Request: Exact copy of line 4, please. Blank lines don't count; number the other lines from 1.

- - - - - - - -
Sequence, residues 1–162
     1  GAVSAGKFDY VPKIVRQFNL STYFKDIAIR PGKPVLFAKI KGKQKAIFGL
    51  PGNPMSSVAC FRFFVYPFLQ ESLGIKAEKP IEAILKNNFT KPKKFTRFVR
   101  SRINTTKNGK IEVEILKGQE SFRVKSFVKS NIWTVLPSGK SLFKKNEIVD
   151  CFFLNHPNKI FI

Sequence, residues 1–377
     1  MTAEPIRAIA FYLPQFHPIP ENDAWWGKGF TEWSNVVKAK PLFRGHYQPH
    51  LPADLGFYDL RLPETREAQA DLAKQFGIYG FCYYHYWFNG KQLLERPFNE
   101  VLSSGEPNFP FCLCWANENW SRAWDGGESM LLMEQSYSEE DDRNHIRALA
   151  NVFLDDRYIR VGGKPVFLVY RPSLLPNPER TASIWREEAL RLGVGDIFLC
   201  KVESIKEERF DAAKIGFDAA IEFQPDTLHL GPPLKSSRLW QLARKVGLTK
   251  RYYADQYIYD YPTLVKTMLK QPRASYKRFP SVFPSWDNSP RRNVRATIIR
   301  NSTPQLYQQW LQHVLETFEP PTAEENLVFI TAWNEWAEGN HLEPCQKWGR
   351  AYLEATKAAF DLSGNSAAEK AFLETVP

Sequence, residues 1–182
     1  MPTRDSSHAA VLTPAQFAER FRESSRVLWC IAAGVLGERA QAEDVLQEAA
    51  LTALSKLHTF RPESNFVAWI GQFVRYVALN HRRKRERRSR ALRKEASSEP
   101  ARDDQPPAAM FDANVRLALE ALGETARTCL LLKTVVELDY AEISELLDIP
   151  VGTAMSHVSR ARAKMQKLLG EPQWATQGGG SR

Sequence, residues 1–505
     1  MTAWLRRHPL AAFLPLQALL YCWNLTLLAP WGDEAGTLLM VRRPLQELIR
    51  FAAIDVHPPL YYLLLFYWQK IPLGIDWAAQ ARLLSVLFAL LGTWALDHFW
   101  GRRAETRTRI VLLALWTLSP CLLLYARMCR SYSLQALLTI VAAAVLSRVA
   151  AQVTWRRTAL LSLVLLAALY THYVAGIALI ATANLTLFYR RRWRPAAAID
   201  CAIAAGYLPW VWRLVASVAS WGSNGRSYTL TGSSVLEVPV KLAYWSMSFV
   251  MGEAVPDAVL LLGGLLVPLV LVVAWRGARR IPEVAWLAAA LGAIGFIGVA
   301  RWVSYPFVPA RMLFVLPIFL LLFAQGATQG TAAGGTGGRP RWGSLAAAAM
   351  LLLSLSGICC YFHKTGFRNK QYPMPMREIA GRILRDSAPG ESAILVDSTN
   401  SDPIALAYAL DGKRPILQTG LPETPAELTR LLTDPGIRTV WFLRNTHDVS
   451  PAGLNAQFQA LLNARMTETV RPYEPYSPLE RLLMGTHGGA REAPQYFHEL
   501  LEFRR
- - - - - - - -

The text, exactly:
   101  SRINTTKNGK IEVEILKGQE SFRVKSFVKS NIWTVLPSGK SLFKKNEIVD